Nuzzo (1997) states that C. arvense threatens natural communities by directly competing with and displacing native vegetation, decreasing species diversity, and changing the structure and composition of some habitats. Species diversity in an "undisturbed" Colorado grassland was inversely proportional to the relative frequency of C. arvense. It presents an economic threat to farmers and ranchers. Infestations reduce crop yield through competition for water, nutrients and minerals, and through interference with harvest. In Canada, the major impact of C. arvense is in agricultural land, and in natural areas that have been disturbed or are undergoing restoration. In the United States, it is a host for bean aphid and stalk borer, insects that affect corn and tomatoes, and for sod-web worm, which damages corn. In Bulgaria, C. arvense is a host for the cucumber mosaic virus. In addition to reducing forage and pasture production, it may scratch grazing animals, resulting in small infections. Zouhar (2001) reports that it has been identified as a management problem in many national parks and on TNC (The Nature Conservancy) preserves in the upper Midwest, the Great Plains states, and the Pacific Northwest. Infestations of C. arvense may contribute to the elimination of endangered and/or endemic plant species, such as the Colorado butterfly plant in Wyoming.
Nuzzo (1997) reports that American Indians purportedly used an infusion of C. arvense roots for mouth diseases. The Chippewa considered it to be a "tonic, diuretic, and astringent". Young shoots and roots "can be used in the same ways as asparagus," and were eaten in Russia and by Native Americans. The nectar of its flowers is also said to make good honey. Zouhar (2001) reports that the weed has been used by native people in the northeastern United States in remedies for worms and poison-ivy (Toxicodendron radicans) and was used to make a mouthwash for children, a treatment for tuberculosis, and a tonic for gastrointestinal ailments.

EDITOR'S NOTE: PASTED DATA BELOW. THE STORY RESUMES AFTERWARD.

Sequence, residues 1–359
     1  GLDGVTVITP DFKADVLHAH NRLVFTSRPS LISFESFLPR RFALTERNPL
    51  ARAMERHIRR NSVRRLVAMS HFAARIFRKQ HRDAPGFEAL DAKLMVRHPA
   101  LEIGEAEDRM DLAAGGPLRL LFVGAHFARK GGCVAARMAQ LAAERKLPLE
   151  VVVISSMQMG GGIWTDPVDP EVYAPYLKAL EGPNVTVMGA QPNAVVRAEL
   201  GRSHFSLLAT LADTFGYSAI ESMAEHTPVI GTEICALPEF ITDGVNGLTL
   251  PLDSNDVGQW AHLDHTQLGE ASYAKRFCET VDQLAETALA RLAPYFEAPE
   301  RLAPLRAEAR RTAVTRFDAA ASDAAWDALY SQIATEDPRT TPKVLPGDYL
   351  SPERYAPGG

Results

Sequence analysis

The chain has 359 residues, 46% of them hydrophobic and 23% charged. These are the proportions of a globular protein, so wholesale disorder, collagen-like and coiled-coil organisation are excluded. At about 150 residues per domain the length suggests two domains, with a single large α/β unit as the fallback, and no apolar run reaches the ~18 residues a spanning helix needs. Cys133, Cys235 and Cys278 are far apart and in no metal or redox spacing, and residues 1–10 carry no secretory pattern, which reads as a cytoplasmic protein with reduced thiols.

In the United States native species of thistle, some of which are rare, can be confused with C. arvense so it should be accurately identified before any control is attempted.
Native range: Nuzzo (1997) reports that it is native to southeastern Europe, the eastern Mediterranean, and possibly northern Europe, western Asia, and northern Africa.
Known introduced range: It now has a near global distribution between 37 and 58-59 degrees N in the northern hemisphere, and at latitudes greater than 37 degrees S in the southern hemisphere, exclusive of Antarctica. It occurs throughout Europe, northern Africa, western and central Asia, northern India, Japan, China, northern North America, South Africa, New Zealand, Tasmania, and southeastern Australia.
Introduction pathways to new locations
Ship: Cirsium arvense is native to southeastern Europe and the eastern Mediterranean area, and was probably introduced to North America in the 1600's as a contaminant of crop seed and/or ship's ballast (Zouhar, 2001).